Most Southeast Asian stock markets ended higher on Monday, in line with Asian peers, as investors weighed the near-certain prospect of an interest rate hike in the United States this month.
Most Southeast Asian stock markets ended higher on Monday, in line with Asian peers, as investors weighed the near-certain prospect of an interest rate hike in the United States this month. Philippine shares came off early falls to close almost 1 percent higher with broad-based gains. They fell over Fed rate hike worries in early trade, but “sentiment sort of reversed” in the second half, said Victor Felix, an equity analyst with AB Capital Securities.
Federal Reserve Chair Janet Yellen on Friday all but confirmed market expectations for an interest rate rise in March barring any sharp deterioration in economic conditions.
“Maybe investors are optimistic about the U.S. growth outlook. The GDP data is slated to be released later this week, which might be a reason for the shift.” The United States is likely to grow in a range of 2.1 percent to 2.5 percent in each quarter this year, a Reuters poll showed, unchanged since the January poll.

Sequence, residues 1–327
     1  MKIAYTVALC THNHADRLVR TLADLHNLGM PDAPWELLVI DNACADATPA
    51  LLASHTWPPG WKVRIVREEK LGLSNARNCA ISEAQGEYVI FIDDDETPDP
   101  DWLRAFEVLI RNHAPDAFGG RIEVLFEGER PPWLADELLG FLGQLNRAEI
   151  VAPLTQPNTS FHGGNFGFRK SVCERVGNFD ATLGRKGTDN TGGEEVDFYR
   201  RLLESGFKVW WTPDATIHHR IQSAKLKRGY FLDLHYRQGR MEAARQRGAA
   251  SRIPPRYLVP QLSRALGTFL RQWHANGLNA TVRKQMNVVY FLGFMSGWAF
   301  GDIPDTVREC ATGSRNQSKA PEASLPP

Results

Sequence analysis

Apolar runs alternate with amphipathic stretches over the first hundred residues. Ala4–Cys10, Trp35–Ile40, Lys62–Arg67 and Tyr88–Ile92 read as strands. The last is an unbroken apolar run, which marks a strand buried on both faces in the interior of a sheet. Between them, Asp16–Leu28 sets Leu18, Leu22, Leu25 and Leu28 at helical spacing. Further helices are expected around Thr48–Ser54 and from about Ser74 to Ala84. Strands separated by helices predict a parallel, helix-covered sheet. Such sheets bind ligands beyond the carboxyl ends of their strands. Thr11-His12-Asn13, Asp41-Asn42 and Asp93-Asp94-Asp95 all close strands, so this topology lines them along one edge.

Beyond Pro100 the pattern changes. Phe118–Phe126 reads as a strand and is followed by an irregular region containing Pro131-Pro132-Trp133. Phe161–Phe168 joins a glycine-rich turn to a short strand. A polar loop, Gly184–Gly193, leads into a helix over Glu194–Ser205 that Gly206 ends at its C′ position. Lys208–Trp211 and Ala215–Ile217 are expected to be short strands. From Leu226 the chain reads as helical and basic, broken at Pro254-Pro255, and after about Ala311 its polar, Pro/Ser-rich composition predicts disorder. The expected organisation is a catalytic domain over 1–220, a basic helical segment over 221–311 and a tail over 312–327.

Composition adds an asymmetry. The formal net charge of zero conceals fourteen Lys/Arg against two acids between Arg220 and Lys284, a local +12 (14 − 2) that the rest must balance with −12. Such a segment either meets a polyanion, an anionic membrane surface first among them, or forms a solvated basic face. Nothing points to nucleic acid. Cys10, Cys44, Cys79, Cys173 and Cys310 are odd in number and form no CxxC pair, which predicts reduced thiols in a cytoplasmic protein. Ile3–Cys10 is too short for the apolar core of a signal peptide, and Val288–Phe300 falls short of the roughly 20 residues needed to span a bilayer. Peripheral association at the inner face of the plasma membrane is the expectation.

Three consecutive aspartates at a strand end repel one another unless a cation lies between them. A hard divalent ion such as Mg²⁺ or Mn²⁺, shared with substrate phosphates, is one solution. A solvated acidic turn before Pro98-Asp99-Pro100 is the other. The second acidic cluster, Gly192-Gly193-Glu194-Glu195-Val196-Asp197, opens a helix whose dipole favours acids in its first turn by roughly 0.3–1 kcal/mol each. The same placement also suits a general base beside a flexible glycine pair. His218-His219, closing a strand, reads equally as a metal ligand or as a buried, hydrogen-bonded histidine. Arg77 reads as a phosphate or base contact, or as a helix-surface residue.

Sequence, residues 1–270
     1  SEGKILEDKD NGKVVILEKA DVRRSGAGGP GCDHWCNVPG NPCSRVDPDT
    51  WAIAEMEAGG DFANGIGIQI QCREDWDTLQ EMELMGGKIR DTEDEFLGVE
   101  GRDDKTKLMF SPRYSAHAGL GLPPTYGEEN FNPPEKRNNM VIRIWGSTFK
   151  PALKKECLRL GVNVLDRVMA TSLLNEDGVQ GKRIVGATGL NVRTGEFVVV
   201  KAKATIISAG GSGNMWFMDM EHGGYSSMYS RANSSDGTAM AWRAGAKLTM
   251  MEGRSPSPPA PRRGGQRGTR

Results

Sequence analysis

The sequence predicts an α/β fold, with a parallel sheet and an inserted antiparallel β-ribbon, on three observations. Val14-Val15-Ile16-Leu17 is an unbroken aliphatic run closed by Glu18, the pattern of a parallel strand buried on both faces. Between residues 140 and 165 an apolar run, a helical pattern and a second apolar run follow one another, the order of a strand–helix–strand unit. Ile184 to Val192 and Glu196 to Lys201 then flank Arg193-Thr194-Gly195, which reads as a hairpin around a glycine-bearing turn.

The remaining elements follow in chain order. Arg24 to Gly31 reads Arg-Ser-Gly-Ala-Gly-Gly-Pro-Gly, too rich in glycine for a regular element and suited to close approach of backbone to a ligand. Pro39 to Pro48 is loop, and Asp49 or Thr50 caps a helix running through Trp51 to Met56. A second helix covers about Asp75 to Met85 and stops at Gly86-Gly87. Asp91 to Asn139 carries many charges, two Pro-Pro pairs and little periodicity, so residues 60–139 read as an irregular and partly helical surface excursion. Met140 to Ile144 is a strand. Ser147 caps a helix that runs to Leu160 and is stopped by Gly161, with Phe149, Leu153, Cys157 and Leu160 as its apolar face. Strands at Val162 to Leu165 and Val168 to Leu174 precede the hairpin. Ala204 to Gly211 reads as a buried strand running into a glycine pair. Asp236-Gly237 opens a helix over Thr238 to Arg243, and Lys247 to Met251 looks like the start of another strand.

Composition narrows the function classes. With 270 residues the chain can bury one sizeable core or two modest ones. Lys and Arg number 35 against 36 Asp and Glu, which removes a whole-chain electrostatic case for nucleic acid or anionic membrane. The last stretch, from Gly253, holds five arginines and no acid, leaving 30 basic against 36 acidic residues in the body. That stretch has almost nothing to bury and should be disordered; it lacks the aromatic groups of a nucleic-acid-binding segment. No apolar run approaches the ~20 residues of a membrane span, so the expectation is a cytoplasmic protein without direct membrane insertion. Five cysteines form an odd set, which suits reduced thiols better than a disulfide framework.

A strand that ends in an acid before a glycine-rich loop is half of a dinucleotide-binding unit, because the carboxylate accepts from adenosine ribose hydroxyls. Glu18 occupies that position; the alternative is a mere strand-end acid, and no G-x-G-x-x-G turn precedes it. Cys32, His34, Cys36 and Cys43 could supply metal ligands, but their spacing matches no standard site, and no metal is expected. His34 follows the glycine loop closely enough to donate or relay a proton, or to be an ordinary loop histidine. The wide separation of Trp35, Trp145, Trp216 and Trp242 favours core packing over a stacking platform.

“This morning was also a knee-jerk reaction to North Korea’s ballistic missile test,” said Felix.
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North Korea fired four ballistic missiles on Monday, days after it promised retaliation over U.S.-South Korea military drills it sees as a preparation for war. Financials and consumer stocks were the biggest boost, with Ayala Land Inc and SM Investments Corp gaining 0.6 percent and 2.1 percent, respectively. The Philippine Central Bank said there may be no need for it to adjust monetary policy at the moment as the market seems to have already priced in a possible Fed rate hike.
Malaysian shares climbed 1.1 percent to their highest close since April 15, 2016, led by financials, while Thai shares fell for a second consecutive session with energy stocks taking the biggest hit. MSCI’s broadest index of Asia-Pacific shares outside Japan was up 2.4 points as of 0953 GMT.